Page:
Per Christine Harper at Bloomberg this morning:

Wall Street’s five biggest firms are paying a record $39 billion in bonuses for 2007, a year when three of the companies suffered the worst quarterly losses in their history and shareholders lost more than $80 billion.

Goldman Sachs Group Inc., Morgan Stanley, Merrill Lynch & Co., Lehman Brothers Holdings Inc. and Bear Stearns Cos. together doled out $65.6 billion in compensation and benefits last year to their 186,000 employees.  Year-end bonuses usually account for 60 percent of the total, meaning bonuses exceeded the $36 billion distributed in 2006 when the industry reported all-time high profits.

The report reminded Blawgletter of the Rule Against Making Too Much Money.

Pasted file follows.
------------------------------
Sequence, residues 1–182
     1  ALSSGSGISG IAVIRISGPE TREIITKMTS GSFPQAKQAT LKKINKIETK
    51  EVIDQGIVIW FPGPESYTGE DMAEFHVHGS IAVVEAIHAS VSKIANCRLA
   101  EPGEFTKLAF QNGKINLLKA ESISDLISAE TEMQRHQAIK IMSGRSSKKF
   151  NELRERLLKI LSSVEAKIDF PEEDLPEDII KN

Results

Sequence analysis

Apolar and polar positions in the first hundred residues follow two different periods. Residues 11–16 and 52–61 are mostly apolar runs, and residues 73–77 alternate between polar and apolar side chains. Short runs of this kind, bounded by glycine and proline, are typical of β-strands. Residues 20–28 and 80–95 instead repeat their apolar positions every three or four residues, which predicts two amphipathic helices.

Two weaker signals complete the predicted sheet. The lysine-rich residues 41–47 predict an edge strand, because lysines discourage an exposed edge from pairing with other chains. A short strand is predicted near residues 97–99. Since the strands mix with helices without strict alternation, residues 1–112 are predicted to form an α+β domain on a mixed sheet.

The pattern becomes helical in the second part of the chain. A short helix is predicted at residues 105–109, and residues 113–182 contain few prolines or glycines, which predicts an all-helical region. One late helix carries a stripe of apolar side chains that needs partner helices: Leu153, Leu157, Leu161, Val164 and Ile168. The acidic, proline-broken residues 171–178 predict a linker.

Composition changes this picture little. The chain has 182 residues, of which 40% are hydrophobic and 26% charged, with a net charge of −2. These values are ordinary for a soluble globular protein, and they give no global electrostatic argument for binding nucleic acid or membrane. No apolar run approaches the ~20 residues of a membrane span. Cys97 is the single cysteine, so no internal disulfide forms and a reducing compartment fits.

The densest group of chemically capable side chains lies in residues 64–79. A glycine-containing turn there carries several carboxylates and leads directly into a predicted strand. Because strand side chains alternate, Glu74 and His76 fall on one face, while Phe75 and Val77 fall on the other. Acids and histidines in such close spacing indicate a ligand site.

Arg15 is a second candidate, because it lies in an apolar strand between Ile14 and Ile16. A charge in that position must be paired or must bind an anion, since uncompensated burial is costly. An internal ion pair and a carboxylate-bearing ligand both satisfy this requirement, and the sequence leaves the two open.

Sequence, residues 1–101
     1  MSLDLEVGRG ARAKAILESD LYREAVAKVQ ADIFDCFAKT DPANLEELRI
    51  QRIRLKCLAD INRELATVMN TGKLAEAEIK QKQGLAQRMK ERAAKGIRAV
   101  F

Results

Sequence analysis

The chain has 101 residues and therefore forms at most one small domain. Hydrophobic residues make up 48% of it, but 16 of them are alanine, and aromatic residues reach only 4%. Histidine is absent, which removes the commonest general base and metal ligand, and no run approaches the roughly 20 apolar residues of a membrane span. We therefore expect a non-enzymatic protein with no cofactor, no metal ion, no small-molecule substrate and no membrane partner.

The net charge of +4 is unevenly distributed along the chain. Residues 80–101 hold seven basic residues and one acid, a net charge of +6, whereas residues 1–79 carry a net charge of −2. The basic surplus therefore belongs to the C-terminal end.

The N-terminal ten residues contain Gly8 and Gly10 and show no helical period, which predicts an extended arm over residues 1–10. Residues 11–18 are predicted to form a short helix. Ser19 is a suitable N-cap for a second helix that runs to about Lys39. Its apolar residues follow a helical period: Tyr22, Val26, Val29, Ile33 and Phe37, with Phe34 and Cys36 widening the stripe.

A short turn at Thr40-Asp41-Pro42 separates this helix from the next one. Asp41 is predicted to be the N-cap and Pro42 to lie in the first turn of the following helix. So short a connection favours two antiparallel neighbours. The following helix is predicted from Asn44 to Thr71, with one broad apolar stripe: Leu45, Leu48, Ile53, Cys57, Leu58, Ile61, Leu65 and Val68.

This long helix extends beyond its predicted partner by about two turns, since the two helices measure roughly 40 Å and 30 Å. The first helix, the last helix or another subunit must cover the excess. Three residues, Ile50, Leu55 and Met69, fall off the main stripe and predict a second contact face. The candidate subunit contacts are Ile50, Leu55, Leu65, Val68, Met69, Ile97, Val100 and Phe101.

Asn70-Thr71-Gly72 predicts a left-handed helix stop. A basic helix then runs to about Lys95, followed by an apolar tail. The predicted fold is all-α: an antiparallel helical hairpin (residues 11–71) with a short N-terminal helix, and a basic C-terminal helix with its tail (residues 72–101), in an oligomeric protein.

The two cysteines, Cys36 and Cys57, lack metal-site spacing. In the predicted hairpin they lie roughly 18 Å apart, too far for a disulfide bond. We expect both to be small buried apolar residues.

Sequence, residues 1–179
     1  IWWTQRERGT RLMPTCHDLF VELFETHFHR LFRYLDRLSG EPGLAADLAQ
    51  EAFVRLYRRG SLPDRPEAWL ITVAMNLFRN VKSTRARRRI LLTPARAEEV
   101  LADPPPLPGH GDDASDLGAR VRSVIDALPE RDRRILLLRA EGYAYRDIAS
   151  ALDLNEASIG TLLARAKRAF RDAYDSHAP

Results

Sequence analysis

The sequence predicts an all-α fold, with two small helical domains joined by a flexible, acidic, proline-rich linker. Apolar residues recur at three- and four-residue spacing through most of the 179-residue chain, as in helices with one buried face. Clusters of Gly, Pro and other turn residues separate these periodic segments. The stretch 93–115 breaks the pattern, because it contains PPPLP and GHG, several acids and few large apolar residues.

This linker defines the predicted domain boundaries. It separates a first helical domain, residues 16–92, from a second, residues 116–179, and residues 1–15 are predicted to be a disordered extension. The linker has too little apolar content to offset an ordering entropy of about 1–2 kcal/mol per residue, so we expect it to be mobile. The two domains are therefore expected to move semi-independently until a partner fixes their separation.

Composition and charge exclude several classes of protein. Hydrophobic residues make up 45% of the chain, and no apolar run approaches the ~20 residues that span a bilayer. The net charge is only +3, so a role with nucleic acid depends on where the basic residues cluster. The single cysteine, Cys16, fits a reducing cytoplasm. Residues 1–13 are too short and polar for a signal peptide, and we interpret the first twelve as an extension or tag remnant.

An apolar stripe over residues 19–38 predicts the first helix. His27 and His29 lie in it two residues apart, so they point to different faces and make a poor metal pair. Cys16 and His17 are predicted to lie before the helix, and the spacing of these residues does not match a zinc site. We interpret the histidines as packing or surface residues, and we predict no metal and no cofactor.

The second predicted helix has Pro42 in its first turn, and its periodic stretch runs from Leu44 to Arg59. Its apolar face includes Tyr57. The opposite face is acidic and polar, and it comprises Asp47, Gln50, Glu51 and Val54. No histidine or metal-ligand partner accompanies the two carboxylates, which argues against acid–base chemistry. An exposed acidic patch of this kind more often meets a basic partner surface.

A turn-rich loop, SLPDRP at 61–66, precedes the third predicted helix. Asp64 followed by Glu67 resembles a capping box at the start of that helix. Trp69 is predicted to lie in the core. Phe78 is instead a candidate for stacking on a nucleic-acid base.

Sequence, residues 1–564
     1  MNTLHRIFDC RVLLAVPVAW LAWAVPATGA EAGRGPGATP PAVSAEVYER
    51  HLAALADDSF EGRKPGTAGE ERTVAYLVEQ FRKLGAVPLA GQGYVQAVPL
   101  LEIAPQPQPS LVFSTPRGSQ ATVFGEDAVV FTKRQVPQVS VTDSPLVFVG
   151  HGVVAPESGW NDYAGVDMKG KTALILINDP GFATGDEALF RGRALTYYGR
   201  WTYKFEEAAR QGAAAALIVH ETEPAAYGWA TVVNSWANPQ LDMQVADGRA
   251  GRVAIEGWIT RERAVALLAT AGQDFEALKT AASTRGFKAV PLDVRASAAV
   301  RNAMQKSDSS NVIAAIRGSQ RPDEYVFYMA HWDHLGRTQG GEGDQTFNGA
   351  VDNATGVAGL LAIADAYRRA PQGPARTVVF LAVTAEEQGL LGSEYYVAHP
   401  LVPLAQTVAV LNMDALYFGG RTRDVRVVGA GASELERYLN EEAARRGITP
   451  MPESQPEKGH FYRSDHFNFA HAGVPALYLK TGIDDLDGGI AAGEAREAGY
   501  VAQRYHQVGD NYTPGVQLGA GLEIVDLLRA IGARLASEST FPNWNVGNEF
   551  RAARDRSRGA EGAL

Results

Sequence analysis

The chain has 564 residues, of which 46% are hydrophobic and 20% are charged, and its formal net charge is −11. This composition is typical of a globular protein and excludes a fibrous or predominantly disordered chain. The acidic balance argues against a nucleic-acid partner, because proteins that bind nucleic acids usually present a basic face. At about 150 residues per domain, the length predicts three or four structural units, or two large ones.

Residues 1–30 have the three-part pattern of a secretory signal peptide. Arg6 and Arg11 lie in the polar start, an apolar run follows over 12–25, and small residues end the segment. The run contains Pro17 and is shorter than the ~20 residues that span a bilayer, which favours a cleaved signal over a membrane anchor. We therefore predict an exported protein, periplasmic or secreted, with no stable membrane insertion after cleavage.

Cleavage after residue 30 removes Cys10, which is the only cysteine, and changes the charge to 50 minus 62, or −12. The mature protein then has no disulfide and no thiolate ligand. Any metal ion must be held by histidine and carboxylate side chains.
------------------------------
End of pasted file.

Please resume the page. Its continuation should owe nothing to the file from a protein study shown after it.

Did you not know that the Rule exists?  Actually it doesn’t — at least not as a rule per se.  As the pirate Captain Barbossa said about the Code of the Order of the Brethren, "the code is more what you’d call ‘guidelines’ than actual rules."

Pocketing humungous profits in a time of cascading investor losses does exacerbate the investors’ pain.  Need we add — also the likelihood that they’ll pursue a lawsuit to seek recompense from the Wall Streeters Who Made Too Much Money?

Feedicon14x14 Contingent business law.